The Club contacted West Lothian Council who agreed to provide equipment, black bags and to arrange a pick up of rubbish from a central point. It was determined to spread the litter pick over two days, Wednesday 18th April and Saturday 21st April 2012, to allow as many members to participate as possible.

Scottish Water agreed to allow us to park at the entrance to the Linlithgow WWTW and to leave all the collected litter on their land until collected by WLC. In addition to six LAC members, Scottish Water allowed six of their employees, to take the day off from their normal duties and help with the litter pick.

The target area was Mains Burn from Fisher’s Brae to the confluence with the Avon. We filled a tonne bag with some 30 or so full bags of rubbish and had carpets, cones, child’s ride-on buggy, cycle tyres, sledge, plastic pipe, car seat etc plenty surrounding it.

In the evening, six members extended the litter pick from Fisher’s Brae up to the culvert below the motorway.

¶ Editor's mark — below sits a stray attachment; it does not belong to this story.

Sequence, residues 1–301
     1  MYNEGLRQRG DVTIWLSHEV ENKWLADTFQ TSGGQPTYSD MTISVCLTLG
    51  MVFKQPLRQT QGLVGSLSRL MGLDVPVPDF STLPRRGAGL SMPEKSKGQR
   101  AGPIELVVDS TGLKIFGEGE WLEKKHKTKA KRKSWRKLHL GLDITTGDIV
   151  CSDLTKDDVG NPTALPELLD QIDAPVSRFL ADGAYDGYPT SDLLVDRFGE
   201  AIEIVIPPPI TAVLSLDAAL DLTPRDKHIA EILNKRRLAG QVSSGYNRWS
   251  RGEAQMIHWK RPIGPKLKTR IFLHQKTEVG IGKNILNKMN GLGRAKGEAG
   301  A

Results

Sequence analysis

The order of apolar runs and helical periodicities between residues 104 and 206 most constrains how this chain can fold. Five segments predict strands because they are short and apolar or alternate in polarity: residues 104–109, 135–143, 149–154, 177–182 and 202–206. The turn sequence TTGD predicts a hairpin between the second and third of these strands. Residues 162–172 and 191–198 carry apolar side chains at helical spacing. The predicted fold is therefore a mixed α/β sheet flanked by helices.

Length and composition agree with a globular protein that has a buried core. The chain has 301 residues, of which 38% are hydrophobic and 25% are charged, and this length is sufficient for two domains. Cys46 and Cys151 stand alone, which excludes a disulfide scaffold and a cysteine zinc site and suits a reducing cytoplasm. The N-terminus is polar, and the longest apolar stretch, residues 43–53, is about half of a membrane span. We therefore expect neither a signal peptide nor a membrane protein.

On Saturday 21st, nine LAC members turned out, clearing sections of the Mains Burn between the rugby pitches and the Aldi / Homebase / Linlithgow Bridge Primary School areas. Another significant haul of rubbish including shopping trolley, central heating radiators, iron fencing, children’s scooters, a shovel, the usual bags of paper/plastic and a ‘keep off the grass’ sign!

Overall the Spring Clean had a very positive effect with an article in the Linlithgow Gazette, including picture, and acknowledgment of the Club by other local community groups. All this was in addition to the primary aim of vastly improving the environment of the Mains Burn.